You Ain’t Seen Nothin’ Yet

The high temperature tomorrow is barely supposed to crack the freezing mark.  The wind will be blustery.  It will be sunny, but all told, it’s a good thing it’s Thanksgiving morning, because nobody has to go anywhere until later in the day.

Which is why I’ll be up at 7:30 to check in with the golf course to make sure it’s still open.

That’s right, tomorrow is the third annual Thanksgiving Golf Classic.  And lest you think this is just for fun and isn’t serious business, we even have a trophy.

A couple years back, one of my buddies (we’ll call him Chuck – all names will be changed to protect the hideous golfers being mentioned) commented in mid-September that it looked like his golf season was over.  He works every day, and usually gets out around 2:30 or 3:00 on the weekend, so during the summer we have plenty of time to make it to the local golf course and get in 18 holes before it’s too dark.  But by the end of summer, the days are just a little bit too short for him to get home and make it to the course in time to finish the round.

Anyway, since he didn’t have any days off, he said “unless we play on Thanksgiving, when the store is closed, I guess I’m done for the year.”  About two-tenths of a second later I replied, “so let’s play on Thanksgiving then!”

I pitched the idea to a couple of our usual playing partners; the response was immediate.  And thus, the TGC was born.

We use a modified Stableford scoring system, and it is modified in a way that really exemplifies just how bad we are.  In a Stableford system, birdies and eagles earn positive points while bogeys and worse earn negative points.  We usually play with double bogeys or worse being -3; this year, triple bogeys or worse get you a big honking -5 on the card.  We made this change to reduce the chance of a tie, which has been an issue in the first two TGCs.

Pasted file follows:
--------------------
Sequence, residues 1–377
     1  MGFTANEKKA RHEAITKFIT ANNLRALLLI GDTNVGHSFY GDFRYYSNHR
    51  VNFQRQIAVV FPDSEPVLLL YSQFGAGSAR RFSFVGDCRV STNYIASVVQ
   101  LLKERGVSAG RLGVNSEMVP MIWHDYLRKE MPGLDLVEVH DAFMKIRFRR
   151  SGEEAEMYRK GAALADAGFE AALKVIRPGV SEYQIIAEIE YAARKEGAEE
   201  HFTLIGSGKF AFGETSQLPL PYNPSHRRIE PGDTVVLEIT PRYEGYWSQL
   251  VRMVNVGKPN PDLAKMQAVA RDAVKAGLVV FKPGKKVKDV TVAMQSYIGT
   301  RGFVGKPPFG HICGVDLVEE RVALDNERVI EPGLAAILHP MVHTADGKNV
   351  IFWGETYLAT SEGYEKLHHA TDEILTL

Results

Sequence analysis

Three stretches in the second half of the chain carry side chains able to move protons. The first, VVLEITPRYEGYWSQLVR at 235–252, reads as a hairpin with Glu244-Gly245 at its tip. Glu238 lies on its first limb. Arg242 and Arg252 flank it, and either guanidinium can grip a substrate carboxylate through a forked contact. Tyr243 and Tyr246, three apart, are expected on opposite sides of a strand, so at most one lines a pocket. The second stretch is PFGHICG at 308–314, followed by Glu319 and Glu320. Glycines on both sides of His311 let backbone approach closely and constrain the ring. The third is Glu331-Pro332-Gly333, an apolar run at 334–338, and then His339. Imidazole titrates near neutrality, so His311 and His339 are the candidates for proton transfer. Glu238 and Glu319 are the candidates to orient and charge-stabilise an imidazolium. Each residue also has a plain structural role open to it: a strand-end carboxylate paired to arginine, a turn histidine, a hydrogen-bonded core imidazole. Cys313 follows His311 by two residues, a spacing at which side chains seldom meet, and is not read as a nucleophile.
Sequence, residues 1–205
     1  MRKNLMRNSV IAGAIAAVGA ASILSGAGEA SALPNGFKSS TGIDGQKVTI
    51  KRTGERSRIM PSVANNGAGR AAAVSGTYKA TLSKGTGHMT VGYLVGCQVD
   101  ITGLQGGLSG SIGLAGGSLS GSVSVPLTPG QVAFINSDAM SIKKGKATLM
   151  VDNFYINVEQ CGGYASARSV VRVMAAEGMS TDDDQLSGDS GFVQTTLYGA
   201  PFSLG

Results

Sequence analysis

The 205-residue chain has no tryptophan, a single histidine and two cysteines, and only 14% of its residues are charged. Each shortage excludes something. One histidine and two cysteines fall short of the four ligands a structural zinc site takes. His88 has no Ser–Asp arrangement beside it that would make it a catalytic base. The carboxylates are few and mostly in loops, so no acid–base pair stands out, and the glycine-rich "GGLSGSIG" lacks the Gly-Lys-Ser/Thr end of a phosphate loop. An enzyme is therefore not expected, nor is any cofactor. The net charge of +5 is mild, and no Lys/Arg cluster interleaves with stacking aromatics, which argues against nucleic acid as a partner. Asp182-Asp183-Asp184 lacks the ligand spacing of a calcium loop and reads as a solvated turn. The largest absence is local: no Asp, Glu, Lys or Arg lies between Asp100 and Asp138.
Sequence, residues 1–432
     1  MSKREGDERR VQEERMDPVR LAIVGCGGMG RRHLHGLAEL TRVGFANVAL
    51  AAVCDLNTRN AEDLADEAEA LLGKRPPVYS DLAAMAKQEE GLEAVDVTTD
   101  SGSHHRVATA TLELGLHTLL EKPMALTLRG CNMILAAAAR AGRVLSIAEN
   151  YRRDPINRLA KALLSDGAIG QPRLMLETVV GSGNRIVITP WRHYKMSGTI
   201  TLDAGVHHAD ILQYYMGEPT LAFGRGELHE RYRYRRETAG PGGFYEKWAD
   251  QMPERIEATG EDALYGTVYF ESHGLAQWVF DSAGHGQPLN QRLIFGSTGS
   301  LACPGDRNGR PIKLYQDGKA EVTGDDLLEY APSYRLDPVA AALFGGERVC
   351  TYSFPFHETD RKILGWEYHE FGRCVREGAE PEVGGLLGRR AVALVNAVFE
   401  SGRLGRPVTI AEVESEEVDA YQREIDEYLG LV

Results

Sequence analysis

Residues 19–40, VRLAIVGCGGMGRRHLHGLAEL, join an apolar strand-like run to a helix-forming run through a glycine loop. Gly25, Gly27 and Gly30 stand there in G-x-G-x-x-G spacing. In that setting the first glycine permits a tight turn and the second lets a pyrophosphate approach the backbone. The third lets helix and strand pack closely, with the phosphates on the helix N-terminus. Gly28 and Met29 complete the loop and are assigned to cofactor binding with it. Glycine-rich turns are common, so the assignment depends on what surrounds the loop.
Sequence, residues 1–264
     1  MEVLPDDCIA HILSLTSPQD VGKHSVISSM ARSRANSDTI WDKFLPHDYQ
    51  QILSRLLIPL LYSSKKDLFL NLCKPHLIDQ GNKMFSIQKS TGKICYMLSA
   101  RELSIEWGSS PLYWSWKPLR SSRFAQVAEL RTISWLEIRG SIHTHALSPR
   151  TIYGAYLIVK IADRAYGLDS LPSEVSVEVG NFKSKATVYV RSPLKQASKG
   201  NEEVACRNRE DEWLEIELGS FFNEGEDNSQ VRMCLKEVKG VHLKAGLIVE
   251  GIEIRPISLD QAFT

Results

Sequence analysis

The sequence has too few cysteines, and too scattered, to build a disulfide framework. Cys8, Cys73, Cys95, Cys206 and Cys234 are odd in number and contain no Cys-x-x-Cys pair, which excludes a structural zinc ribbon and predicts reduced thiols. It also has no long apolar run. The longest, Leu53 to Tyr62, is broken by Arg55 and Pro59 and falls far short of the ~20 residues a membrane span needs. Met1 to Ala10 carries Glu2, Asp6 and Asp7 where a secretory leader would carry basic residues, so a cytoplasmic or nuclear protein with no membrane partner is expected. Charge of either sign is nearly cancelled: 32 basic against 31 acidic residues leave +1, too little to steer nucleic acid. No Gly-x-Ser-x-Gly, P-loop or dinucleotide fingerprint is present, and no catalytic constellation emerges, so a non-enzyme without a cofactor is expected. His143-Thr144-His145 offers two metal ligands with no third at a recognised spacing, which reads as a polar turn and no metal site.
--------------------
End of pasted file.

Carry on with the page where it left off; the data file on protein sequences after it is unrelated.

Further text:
In 2011, “Donny” led for most of the day, but I made a late charge.  On the par-3 17th, I missed a par putt that would have tied the score.  This was critical because our agreed-upon tiebreaker was that whoever had the best Stableford score on the 18th hole would win; if that was a tie, then we’d work back in reverse until we had a winner.  Essentially, whoever caught the leader would get the win.

On 18, Donny had made his double or triple bogey or whatever, and I had a bogey putt that would have closed the two-point gap, tied the score, and given me the trophy.  I missed it, and Donny was the champion.

I was crestfallen, but resolved to win it the next year.  And I did just that…kind of.

See, we found ourselves on the same course and in the same predicament; Donney led by two points after 16 holes.  This time, however, I made the bogey putt on 18, he went high, and I took home the trophy on a tiebreaker.

In sum: I am the defending Thanksgiving Golf Classic champion, even though I didn’t actually win, per se.

Tomorrow’s event is at a different course, albeit one that I’ve played.  Donny beat me that day by making par on 18 while I shot closer to 12 than four.  I guess it was my turn to blow a lead to him, huh?

Obviously, I will be disappointed if I don’t win, but with a tougher course, in what are sure to be difficult, uncomfortable conditions, I really don’t know what to expect.  Anyone can win, and that’s part of the beauty of the thing.

A week and a half ago, when I went out for my “return” round, it was chilly.  I wore shorts, as I almost always do when playing golf, but I had longsleeves and a jacket.  I still felt the chill, especially when the breeze was blowing, but I was too happy to be out on the course for it to matter.  Donny, on the other hand, had on golf pants and a “performance” fleece or whatever, but afterwards noted that while the weather was nice, it was just a little too cold for him.

Oh, man.  You ain’t seen nothin’ yet, kid.


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